YAKIMA -- Recycling has been slow to catch on in Yakima, and the term "mandatory recycling" is even less popular.
But Yakima County officials say the time has come to explore a countywide recycling strategy that would require cultural change on the part of political leaders and residents.
Here's why: Removing recyclable material from garbage will extend the life of the county's Terrace Heights landfill, keeping the county's landfill rates -- already lowest in the state -- cheap.
But, adds Yakima County Commissioner Mike Leita, recycling is more than that.
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"It is the right thing to do," he says. "We are being very wasteful by dumping (recyclable material) into the landfill."
No community in the Yakima Valley or Central Washington, including the Tri-Cities, has mandatory recycling. Most have nothing other than drop-off bins, if that.
A private company, Yakima Waste Systems, offers a convenient curbside service for $6.50 a month, but only in the Yakima area. The service includes a large blue and gray bin on wheels similar to a garbage can, and there's no need to separate material.
Recycled paper is an especially important commodity locally and is used by Michelsen Packaging to make tray liners and other packaging for the fruit industry.
In a recent interview, Leita said county officials are exploring a countywide recycling strategy not only to hold down landfill costs but also to prepare for the strong possibility that state lawmakers will someday mandate recycling programs.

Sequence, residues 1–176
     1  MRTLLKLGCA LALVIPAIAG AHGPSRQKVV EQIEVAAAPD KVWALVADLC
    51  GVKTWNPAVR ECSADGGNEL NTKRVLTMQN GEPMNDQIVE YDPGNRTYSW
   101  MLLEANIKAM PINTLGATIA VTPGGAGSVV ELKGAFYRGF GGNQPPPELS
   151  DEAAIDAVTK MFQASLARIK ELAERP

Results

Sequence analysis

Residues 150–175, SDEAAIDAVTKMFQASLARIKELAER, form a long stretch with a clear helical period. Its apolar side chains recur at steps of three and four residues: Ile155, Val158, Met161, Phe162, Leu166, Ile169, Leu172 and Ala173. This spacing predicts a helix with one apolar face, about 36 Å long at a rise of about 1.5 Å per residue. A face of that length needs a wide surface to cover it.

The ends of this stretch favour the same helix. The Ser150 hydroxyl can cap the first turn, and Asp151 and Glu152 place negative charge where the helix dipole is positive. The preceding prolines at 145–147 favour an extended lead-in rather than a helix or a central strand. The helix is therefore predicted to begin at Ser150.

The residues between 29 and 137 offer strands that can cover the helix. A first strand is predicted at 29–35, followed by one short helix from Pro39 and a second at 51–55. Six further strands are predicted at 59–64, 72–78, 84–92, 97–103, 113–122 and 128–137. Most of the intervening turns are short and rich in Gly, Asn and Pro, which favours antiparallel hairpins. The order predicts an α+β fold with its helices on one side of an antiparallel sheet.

He said recycling has not been on the front burner because more immediate problems -- budget cuts, jail contracts and regulations on storm and ground water -- are higher priorities.
But recycling is on the agenda, he added.
A 2003 study estimated that close to 40 percent of the material being dumped daily at the Terrace Heights landfill was easy-to-recycle paper, plastics and metal.
With the landfill set to max out in 2019, county officials say the fee to dump at $30.89 per ton -- the state average is somewhere between $65 to $70 a ton -- will go up when garbage has to be trucked to the county's Cheyne landfill near Zillah.
The biggest users of the Terrace Heights landfill are the city of Yakima and Yakima Waste Systems which, in addition to the curbside recycling service, also picks up garbage in suburban areas of the city.
Although he stopped short of calling for anything mandatory, Leita made it clear that county officials would like local municipalities, particularly Yakima, to start recycling.
"We control the landfill," he said. "I suppose I could say we have the authority to say if you don't recycle you can't dump here, go find your own landfill. But we're good guys ...
"Bottom line, we would welcome any city, especially the city of Yakima, to initiate recycling efforts. There's nothing preventing them from doing that, except leadership."
In Yakima City Councilman Dave Edler, Leita has a key political ally.
He said he would like city staff to explore the possibility of a mandatory recycling program in the form of a private-public partnership with Yakima Waste Systems.
"It's a fishing expedition, I guess," he said. "Pushing for what I would call cultural change. That comes hard around here."
Resistance to change would include some of his colleagues on the city council.